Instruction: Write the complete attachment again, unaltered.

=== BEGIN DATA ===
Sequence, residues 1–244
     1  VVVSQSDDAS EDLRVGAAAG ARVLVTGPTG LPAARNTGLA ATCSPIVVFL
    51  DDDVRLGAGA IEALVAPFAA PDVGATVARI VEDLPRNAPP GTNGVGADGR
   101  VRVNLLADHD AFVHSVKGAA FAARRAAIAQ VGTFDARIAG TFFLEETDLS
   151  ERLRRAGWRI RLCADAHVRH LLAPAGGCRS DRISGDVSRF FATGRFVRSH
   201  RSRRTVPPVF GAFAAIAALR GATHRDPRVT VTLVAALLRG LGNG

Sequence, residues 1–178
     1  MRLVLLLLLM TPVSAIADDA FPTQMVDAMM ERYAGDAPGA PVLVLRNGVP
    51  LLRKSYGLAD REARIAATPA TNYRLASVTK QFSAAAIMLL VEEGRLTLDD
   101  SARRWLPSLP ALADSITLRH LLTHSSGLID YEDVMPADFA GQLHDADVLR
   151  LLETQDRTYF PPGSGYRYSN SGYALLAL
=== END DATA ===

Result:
Sequence, residues 1–244
     1  VVVSQSDDAS EDLRVGAAAG ARVLVTGPTG LPAARNTGLA ATCSPIVVFL
    51  DDDVRLGAGA IEALVAPFAA PDVGATVARI VEDLPRNAPP GTNGVGADGR
   101  VRVNLLADHD AFVHSVKGAA FAARRAAIAQ VGTFDARIAG TFFLEETDLS
   151  ERLRRAGWRI RLCADAHVRH LLAPAGGCRS DRISGDVSRF FATGRFVRSH
   201  RSRRTVPPVF GAFAAIAALR GATHRDPRVT VTLVAALLRG LGNG

Sequence, residues 1–178
     1  MRLVLLLLLM TPVSAIADDA FPTQMVDAMM ERYAGDAPGA PVLVLRNGVP
    51  LLRKSYGLAD REARIAATPA TNYRLASVTK QFSAAAIMLL VEEGRLTLDD
   101  SARRWLPSLP ALADSITLRH LLTHSSGLID YEDVMPADFA GQLHDADVLR
   151  LLETQDRTYF PPGSGYRYSN SGYALLAL